So you spent millions to billions of dollars on information systems over the past few years, right?
How’s that working out for you?
For a large percentage of you, whether or not you admit it, not so well. What you bought needs some serious tweaks, re-engineering, re-thinking, re-vamping.
For an even larger percentage, maybe most of you, the best advice is: Junk it. Throw it out and start over.
Poorly designed and poorly implemented information systems are worse than useless, worse than a waste of those millions and billions of dollars. As we go through rapid, serious changes in health care, poor information systems will strangle your every strategy, hobble your clinicians, kill patients and actually threaten the viability of your organization.
A lot of health care executives dismiss the complaints about the new systems as the carping of stubborn technophobic doctors and nurses who should just get with the program. If you are tempted to do that, you need to take a step back. You need to get real. The complaints and concerns are too widespread, too deep and indeed too frightening for that kind of blithe denial. And they are not just coming from disgruntled docs.
Dr. Clem McDonald of the National Institutes of Health, a true pioneer in pushing for electronic medical records (EMRs) over the last 35 years, has called the current implementations a “disappointment,” even a “tragedy.” He is far from alone in this assessment.
Back in the mid-1990s, I did a lot of web work for traditional media. That often meant figuring out what the client was already doing on the web, and how it was going, so I’d find the techies in the company, and ask them what they were doing, and how it was going. Then I’d tell management what I’d learned. This always struck me as a waste of my time and their money; I was like an overpaid bike messenger, moving information from one part of the firm to another. I didn’t understand the job I was doing until one meeting at a magazine company.
The thing that made this meeting unusual was that one of their programmers had been invited to attend, so management could outline their web strategy to him. After the executives thanked me for explaining what I’d learned from log files given me by their own employees just days before, the programmer leaned forward and said “You know, we have all that information downstairs, but nobody’s ever asked us for it.”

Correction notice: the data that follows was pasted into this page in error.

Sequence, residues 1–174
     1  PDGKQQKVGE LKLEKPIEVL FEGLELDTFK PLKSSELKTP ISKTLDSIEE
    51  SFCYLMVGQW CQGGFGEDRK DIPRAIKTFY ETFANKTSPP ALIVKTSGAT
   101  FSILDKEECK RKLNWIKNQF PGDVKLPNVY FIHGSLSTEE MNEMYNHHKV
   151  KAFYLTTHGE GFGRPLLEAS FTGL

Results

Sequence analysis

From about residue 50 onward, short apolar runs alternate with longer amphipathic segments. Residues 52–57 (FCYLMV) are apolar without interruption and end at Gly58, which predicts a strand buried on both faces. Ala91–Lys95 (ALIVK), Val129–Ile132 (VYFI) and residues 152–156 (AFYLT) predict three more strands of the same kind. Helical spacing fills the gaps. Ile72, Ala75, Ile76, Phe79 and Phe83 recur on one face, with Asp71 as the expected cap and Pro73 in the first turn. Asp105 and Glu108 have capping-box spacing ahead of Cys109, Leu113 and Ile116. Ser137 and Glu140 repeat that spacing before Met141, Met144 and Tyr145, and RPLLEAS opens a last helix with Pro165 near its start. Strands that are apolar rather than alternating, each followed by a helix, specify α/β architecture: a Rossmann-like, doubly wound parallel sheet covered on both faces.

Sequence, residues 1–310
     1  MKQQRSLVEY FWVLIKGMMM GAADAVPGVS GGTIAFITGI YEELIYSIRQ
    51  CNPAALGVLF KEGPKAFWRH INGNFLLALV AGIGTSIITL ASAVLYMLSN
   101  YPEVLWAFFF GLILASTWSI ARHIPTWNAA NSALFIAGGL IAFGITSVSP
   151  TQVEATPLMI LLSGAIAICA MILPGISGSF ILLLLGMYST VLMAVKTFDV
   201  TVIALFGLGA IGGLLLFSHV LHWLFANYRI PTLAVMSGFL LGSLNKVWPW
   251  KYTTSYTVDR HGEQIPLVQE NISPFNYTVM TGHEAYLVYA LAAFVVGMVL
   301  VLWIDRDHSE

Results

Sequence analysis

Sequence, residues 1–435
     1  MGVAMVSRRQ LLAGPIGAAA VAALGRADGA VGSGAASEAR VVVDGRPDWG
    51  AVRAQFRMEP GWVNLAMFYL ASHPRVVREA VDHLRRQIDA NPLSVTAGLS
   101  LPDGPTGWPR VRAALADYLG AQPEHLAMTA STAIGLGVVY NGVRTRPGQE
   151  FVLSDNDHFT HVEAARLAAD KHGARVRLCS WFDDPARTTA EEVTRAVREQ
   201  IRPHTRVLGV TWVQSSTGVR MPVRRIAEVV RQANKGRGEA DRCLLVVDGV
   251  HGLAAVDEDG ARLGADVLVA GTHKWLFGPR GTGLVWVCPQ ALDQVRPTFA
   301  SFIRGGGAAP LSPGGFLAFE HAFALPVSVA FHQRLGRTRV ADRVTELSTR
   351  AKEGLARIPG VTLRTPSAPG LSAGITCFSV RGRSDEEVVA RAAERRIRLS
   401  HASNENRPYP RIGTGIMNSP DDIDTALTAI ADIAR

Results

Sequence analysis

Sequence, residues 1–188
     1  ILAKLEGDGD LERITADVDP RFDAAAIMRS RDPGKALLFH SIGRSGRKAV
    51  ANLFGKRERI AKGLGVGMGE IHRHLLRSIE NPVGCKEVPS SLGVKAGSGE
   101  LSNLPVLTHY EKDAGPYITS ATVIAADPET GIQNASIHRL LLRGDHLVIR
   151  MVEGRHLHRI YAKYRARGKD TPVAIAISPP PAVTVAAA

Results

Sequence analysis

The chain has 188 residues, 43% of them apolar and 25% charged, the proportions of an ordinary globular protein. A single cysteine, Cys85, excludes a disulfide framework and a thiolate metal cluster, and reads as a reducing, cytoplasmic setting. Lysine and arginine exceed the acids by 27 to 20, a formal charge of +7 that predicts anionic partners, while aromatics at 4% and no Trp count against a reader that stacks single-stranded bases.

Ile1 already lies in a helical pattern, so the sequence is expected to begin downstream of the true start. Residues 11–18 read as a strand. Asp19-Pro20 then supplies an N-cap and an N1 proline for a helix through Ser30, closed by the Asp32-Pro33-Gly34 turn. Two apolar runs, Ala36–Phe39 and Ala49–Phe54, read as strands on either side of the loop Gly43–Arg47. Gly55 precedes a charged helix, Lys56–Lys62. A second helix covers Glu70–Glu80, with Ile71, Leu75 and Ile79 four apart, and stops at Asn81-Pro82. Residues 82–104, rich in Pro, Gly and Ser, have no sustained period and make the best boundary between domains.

I remember thinking “Oh, finally!” I figured the executives would be relieved this information was in-house, delighted that their own people were on it, maybe even mad at me for charging an exorbitant markup on local knowledge. Then I saw the look on their faces as they considered the programmer’s offer. The look wasn’t delight, or even relief, but contempt. The situation suddenly came clear: I was getting paid to save management from the distasteful act of listening to their own employees.
The solution to the nation’s long-term deficit problem is generally portrayed as a choice among sharp budget cuts, major tax increases or a combination of the two. Given the magnitude of the problem, some level of sacrifice is probably unavoidable. But there is a third, overlooked approach to major budget savings — innovation — that the new congressional supercommittee should also include as a key component of its deficit-reduction strategy.
Innovation in this case is the process of trying a range of promising approaches and using rigorous evaluation methods to determine which of them really work. In many areas of the economy — such as information technology, agriculture and manufacturing — innovation has often identified ways to both reduce cost and improve performance. This has led to amazing progress over time, including exponential gains in computing power over the past half-century at a steadily decreasing price. So a logical question is: Can innovation in policy produce more effective government at lower cost?
The answer is yes. There are proven examples, from U.S. welfare policy and other areas, where innovative reforms produced major budget savings while simultaneously improving people’s lives. This suggests that part of the answer to our deficit problem lies in American ingenuity and not just sacrifice.